Tag: cats and dogs
Ace and the cat next door have become steadfast friends, hanging out together most days in the backyard. But their relationship has clearly evolved, as I guess most do.
Ace still seems thrilled every time he sees Tom. They still play chase. They still engage in their form of wrestling — Ace poking Tom with his nose, Tom swatting Ace in the head with his paws.
But Ace no longer is totally obsessed with the cat, no longer smothering him with attention, no longer constantly in Tom’s face. Ace used to follow Tom wherever he went. But as Tom has become less elusive, Ace has become less fascinated. As the months have gone by, it’s Tom who’s now more likely to follow Ace, and instigate the play. Tom still seems to send a message that says “chase me,” but Ace doesn’t always play along, sometimes preferring to just watch, or scratch himself, or look for something he might deem edible.
On Sunday Ace was minding own business in the shared yard behind my apartment, chewing on a bully stick. Thomas slowly approached and circled him, nuzzled him a few times and swung his tail into his face.
Ace looked up, but kept chewing. Seeming to sense Ace’s disinterest, Tom went his own way, disappearing for a time.
Ace, focused on his treat, seemed to forget about him — until, 10 minutes later, he spotted him in the distance, under my parked car. Read more »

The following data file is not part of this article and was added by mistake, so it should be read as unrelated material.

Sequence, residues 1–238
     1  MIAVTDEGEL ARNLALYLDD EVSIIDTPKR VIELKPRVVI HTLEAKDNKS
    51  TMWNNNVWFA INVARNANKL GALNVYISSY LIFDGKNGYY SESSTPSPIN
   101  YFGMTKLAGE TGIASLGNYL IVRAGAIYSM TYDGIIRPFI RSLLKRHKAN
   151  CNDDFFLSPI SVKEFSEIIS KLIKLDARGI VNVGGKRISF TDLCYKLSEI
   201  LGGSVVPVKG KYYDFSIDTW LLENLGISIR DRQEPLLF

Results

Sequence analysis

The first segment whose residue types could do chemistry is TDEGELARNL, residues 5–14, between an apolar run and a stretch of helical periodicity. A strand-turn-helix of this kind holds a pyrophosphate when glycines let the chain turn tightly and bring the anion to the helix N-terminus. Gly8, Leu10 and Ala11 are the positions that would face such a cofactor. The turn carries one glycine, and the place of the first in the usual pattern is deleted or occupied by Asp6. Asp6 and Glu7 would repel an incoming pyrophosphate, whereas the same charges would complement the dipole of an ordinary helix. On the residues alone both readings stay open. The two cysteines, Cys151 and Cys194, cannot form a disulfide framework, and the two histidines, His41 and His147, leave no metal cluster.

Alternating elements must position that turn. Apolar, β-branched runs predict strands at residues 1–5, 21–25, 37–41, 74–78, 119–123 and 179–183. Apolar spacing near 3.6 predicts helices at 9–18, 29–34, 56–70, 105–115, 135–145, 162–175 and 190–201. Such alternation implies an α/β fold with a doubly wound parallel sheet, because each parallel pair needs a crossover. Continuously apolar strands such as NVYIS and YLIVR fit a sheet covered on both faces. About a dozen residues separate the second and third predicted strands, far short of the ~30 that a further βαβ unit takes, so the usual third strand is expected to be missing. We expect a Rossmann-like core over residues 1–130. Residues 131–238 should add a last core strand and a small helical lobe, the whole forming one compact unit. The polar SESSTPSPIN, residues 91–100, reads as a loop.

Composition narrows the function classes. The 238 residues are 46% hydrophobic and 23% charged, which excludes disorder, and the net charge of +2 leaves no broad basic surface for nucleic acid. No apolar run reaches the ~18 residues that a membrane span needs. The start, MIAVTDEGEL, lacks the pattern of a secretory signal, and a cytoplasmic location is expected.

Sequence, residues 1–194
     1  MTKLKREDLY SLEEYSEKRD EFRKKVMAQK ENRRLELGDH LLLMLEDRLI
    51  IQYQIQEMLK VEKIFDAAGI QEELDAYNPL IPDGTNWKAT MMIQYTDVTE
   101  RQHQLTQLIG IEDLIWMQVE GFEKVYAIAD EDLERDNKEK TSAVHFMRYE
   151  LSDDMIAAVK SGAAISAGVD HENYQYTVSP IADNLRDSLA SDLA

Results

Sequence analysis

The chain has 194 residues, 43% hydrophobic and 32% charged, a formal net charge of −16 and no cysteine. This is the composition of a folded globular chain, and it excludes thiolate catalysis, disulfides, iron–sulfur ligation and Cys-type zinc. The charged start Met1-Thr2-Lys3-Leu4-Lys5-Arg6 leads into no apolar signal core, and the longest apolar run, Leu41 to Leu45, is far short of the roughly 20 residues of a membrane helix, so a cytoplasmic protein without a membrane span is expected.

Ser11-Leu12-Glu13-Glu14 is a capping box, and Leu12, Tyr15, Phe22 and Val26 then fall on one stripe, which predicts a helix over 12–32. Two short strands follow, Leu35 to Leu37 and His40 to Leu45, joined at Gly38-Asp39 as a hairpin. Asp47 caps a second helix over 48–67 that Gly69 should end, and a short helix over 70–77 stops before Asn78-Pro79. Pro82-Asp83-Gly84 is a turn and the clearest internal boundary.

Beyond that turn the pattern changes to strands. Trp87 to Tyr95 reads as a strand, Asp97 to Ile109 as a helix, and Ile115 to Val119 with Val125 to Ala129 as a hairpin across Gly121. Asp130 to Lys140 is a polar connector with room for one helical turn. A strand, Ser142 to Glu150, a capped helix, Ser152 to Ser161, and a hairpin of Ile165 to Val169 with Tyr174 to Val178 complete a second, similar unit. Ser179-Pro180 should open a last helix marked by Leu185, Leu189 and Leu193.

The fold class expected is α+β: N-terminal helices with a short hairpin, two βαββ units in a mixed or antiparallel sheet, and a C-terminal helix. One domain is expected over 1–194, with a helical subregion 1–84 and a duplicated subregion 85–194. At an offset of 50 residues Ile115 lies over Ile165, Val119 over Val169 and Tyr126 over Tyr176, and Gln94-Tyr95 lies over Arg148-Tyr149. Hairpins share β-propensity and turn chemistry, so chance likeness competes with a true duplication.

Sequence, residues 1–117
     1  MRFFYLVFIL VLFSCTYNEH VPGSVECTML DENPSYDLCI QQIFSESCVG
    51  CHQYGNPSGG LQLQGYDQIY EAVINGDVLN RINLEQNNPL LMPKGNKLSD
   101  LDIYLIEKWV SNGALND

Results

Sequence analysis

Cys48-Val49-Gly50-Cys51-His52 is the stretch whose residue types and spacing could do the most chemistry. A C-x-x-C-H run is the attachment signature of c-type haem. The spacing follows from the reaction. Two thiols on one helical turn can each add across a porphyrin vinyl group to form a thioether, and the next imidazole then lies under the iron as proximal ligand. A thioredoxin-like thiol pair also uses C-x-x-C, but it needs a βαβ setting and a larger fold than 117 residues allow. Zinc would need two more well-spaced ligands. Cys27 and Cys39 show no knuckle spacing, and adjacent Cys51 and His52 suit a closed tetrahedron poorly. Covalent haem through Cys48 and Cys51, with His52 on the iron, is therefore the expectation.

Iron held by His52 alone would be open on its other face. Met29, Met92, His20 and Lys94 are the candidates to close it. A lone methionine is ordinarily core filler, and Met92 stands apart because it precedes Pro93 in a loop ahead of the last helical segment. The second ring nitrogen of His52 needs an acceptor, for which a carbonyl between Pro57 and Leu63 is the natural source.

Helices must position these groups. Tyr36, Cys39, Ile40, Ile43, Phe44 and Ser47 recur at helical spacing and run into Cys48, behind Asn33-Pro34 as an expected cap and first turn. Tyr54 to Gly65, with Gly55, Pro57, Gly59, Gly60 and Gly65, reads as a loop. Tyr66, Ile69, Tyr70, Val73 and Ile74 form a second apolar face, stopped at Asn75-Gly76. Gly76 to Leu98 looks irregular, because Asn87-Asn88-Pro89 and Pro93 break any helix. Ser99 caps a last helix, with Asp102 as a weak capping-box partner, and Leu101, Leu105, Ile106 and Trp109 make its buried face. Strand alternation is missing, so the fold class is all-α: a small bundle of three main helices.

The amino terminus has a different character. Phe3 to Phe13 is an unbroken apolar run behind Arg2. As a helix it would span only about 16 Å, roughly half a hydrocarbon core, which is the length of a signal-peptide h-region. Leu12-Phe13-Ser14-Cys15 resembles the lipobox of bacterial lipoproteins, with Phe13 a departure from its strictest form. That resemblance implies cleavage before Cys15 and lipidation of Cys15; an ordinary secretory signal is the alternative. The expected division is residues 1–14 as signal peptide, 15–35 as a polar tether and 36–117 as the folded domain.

Posted by jwoestendiek November 7th, 2012 under Muttsblog.
Tags: ace, animals, behavior, cat, cats, cats and dogs, college village, dogs, friends, north carolina, out of reach, pets, relationships, stale, taken for granted, thomas, tom, travels with ace, winston-salem
Ace has a new top obsession — a neighbor named Tom, who has taken over the first place spot previously held by a neighbor named Al.
Ace hit it off immediately with Al, an older man who lives about five doors down. When Al started giving Ace treats, his apartment became the first place Ace looked when he went outside. When Al bought a jumbo bag of chicken jerky treats to hand out when Ace went by, the relationship grew even stronger. He loves Al, but he loved those jerky treats the way an addict loves crack.
Since Christmas, though, Ace’s priorities have changed. My next door neighbor got a kitten.
He is a very cute kitten, and very tiny. Ace — and we should point out here that cats are the only species Ace seems more taken with than humans — has met Tom once, sniffing him while his owner held him.